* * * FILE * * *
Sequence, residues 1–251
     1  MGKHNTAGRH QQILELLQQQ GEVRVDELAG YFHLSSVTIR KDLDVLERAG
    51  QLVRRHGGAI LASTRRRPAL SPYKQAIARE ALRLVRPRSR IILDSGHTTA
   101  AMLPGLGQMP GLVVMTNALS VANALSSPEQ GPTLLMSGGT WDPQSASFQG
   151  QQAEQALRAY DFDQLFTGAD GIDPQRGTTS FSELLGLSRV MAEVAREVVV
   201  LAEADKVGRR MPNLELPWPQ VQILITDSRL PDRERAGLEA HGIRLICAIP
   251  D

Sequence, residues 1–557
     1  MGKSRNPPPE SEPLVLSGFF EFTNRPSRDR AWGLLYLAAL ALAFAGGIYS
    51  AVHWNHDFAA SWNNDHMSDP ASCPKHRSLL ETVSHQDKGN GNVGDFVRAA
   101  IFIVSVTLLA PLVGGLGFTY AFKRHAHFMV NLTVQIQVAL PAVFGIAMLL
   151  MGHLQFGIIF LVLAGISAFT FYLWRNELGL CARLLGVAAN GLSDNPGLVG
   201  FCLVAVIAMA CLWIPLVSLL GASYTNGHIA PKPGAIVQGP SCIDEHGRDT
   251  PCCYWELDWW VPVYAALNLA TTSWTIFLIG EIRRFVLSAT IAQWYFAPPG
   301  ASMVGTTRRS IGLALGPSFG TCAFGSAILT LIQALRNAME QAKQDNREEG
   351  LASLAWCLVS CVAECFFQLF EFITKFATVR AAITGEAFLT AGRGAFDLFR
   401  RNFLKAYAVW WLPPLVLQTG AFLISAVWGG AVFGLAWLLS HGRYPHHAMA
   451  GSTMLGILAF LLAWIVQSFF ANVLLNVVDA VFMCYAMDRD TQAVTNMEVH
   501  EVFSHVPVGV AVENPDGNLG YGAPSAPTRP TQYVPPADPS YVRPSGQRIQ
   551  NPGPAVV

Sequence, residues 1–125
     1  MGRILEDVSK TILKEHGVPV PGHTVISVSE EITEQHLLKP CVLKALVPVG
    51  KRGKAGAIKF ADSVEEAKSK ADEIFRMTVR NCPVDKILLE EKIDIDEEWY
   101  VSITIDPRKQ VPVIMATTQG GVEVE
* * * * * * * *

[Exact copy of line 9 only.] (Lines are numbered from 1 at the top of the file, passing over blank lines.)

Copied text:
     1  MGKSRNPPPE SEPLVLSGFF EFTNRPSRDR AWGLLYLAAL ALAFAGGIYS